Assessment and Prediction of Erosion in Completion Systems under Hydraulic Fracturing Operations Using Computational Fluid Dynamics


High rate injection or production of fluids with sand particles places wellhead components and downhole assemblies at risk of erosion damage. Depending on the severity and location of the material loss, this may pose a significant well loss or blow-out hazard. For this reason, assessment and mitigation of erosion can be critical for such applications.

In this work, Computational Fluid Dynamics (CFD) was used in conjunction with erosion models to assess the erosion damage characteristics associated with the operating conditions and equipment for a high-rate, shale gas reservoir fracturing application. The work was based on the severe erosion damage experienced by EnCana as a result of high rate hydraulic fracturing operations performed in horizontal shale gas wells at their Horn River, BC field development. Material losses were observed within the wellhead equipment as well as in the LTC couplings of the production casing string near surface in several wells. CFD models were developed for the existing wellhead and wellbore geometries and used to simulate a range of hydraulic fracture operating conditions in an effort to predict the locations and degree of material loss in the components in each case. The models were calibrated with caliper log data and measurements taken from casing samples retrieved from several wells. The analyses suggested that well head system modifications, such as tubing head spool changes and use of spacer spools, could be effective in substantially reducing material losses in the tubular connections. In addition, sensitivity analyses were performed for different wellhead configurations and variations in the hydraulic fracturing parameters to determine the factors that likely had the most influence on the connection material losses. The results served to demonstrate that it is possible to use CFD with erosion models as predictive tools to identify locations of severe erosion in completion systems, and, when calibration data is available, to quantify the amount of material loss in wellhead and downhole components. This information can aid in designing optimum completions systems, and in defining operating conditions which can reduce the risk of equipment failure, potential blow-outs, and associated safety and environmental hazards.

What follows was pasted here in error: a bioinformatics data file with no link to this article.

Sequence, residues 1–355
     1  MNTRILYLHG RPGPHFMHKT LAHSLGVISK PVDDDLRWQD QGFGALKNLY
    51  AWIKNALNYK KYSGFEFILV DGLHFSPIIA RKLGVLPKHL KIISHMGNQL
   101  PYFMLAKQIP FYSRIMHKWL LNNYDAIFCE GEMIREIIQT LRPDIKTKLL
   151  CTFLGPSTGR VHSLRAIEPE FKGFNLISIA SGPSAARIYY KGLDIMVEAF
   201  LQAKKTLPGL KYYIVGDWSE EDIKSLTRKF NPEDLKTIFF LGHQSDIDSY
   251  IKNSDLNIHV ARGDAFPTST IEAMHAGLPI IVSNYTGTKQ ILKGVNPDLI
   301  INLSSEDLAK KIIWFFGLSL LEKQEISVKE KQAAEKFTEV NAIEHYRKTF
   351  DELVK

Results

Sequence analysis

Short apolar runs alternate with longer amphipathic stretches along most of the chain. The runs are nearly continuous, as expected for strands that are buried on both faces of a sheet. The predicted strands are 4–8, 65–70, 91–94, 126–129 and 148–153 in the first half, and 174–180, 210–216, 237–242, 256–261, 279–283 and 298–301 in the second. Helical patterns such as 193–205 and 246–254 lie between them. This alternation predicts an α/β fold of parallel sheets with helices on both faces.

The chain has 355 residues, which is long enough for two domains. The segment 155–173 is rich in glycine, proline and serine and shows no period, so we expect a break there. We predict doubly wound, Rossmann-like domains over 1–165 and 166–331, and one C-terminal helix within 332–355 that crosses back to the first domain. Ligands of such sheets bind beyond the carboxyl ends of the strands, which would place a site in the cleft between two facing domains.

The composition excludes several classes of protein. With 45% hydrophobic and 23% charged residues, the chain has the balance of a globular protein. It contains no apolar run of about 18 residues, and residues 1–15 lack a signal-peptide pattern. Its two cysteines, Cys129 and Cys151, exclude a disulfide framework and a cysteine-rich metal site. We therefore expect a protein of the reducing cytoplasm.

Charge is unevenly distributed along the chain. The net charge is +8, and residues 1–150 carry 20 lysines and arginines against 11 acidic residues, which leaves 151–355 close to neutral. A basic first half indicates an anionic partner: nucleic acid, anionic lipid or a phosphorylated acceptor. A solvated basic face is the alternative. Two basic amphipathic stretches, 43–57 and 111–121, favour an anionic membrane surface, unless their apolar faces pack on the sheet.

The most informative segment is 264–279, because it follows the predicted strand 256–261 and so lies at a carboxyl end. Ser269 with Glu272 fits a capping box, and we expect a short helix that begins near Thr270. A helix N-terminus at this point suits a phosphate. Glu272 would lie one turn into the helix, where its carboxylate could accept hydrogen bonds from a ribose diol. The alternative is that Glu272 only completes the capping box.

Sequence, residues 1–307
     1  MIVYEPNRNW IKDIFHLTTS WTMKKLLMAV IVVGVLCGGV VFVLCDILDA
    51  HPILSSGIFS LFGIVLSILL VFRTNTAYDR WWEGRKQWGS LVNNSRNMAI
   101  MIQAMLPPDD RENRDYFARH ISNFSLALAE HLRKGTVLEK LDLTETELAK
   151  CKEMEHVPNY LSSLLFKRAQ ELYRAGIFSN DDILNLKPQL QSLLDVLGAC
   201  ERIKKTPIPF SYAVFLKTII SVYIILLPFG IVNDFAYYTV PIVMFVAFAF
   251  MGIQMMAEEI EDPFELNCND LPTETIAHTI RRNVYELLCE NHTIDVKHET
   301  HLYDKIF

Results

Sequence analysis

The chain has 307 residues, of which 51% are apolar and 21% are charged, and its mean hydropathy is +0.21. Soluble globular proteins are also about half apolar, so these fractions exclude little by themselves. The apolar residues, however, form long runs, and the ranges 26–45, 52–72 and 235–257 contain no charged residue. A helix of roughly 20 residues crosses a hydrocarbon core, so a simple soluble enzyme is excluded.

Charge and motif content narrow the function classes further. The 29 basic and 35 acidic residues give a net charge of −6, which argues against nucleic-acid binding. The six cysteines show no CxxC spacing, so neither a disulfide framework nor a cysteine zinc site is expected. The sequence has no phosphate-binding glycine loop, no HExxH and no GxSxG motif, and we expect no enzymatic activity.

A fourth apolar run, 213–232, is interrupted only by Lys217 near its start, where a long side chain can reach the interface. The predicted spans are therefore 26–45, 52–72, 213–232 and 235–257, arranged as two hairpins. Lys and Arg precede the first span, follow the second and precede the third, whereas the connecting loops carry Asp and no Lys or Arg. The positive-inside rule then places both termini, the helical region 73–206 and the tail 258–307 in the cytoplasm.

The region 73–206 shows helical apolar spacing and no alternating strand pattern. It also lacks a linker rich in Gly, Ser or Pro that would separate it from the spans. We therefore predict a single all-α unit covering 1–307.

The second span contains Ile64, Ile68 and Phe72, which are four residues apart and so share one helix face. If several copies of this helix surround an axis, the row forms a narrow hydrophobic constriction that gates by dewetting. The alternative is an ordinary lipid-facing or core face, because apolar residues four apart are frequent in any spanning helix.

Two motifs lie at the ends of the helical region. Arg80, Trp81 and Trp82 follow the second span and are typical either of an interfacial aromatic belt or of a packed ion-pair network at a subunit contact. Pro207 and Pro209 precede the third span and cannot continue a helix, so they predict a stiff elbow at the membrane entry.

Oil well operations involving either high rate injection or production of fluids with sand particles places wellhead components and downhole assemblies at risk in terms of erosion damage. Severe material loss due to erosion could result in well failures and blow-outs, both of which can have severe impacts on the safety of personnel, the environment and the well or development economics (Enform, 2009 and VanderKlippe, 2010). EnCana reported severe erosion occuring in the vicinity of the tubing hanger and the first casing connection below the wellhead as a result of the hydraulic fracturing operations performed in several wells at their Horn River shale gas development in BC, Canada. Erosion locations and the degree of wall material loss were first determined by caliper logs and later confirmed through physical retrieval of the damaged connections from the ground. In order to better understand the mechanisms and factors associated with the severe wall losses and to identify measures that could be taken to mitigate the erosion risk, it was decided to model the equipment and hydraulic fracturing operation using Computational Fluid Dynamics (CFD). This is emerging as a viable technique to study erosion problems in a number of applications including surface piping and downhole completions systems. CFD simulations can be used to determine impact locations of sand particles, and to quantify both the velocities and angles of the sand particle impacts on the component surfaces. These two parameters have the most influence on erosion damage potential and rate. The analyses took into consideration flow through the well-head equipment installed for slurry injection and down through the top casing segment including the near surface connections.

Author: Farahani, R., Lastiwka, M., Langer, D., Demirdal, B., Matthews, C., Jensen, J., & Reilly, A.

Publisher: SPE Annual Technical Conference and Exhibition, 30 October-2 November, Denver, Colorado, USA

Year: 2011

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